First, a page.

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Sastry's 10-year study of New Orleans Katrina evacuees shows demographic differences between returning and nonreturning

Stafford says less educated, smaller investors more likely to sell off stock and lock in losses during market downturn

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Deirdre Bloome wins ASA award for work on racial inequality and intergenerational transmission

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David Lam is new director of Institute for Social Research

Elizabeth Bruch wins Robert Merton Prize for paper in analytic sociology

Next Brown Bag

Monday, Oct 12
Joe Grengs, Policy & Planning for Social Equity in Transportation

Dirgha Ghimire photo

Land use and first birth timing in an agricultural setting

Publication Abstract

Ghimire, Dirgha, and Lynette Hoelter. 2007. "Land use and first birth timing in an agricultural setting." Population & Environment, 28(6): 289-320.

The dramatic changes in the earth’s landscape have prompted increased interest in the links between population, land use, and land cover. Previous research emphasized the notion of population pressure (population pressure increases demands on natural resources causing changes in land use), overlooking the potentially important effects of changes in land use on humans. Using multiple data sets from the Chitwan Valley Family Study in Nepal, we test competing hypotheses about the impact of land use on first birth timing. We argue that while agricultural land should encourage early childbearing, land area devoted to public infrastructure should discourage it. The results show that individuals from neighborhoods with larger proportions of land under agriculture experienced first birth at rates higher than those from neighborhoods with smaller proportions. On the other hand, individuals from neighborhoods with larger proportions of land under public infrastructure experienced first birth at rates lower than those from neighborhoods with smaller proportions. However, the effects of public infrastructure are not as strong as the land area devoted to agriculture.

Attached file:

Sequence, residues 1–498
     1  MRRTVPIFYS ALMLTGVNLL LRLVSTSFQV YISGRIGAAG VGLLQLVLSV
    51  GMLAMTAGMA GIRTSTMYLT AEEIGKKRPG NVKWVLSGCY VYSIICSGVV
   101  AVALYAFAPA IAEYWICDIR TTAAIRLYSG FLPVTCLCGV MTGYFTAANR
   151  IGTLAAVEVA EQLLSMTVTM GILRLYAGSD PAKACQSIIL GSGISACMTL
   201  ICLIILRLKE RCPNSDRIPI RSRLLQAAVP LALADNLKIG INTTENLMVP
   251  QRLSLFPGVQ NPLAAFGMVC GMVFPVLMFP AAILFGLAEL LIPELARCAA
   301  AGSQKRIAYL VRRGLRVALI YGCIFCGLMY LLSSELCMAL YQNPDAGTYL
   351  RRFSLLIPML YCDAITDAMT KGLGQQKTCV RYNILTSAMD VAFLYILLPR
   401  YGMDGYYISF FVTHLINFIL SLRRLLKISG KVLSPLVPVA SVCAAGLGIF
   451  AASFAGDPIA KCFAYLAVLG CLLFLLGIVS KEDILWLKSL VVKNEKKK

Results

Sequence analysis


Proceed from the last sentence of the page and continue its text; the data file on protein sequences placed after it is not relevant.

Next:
DOI:10.1007/s11111-007-0056-3 (Full Text)

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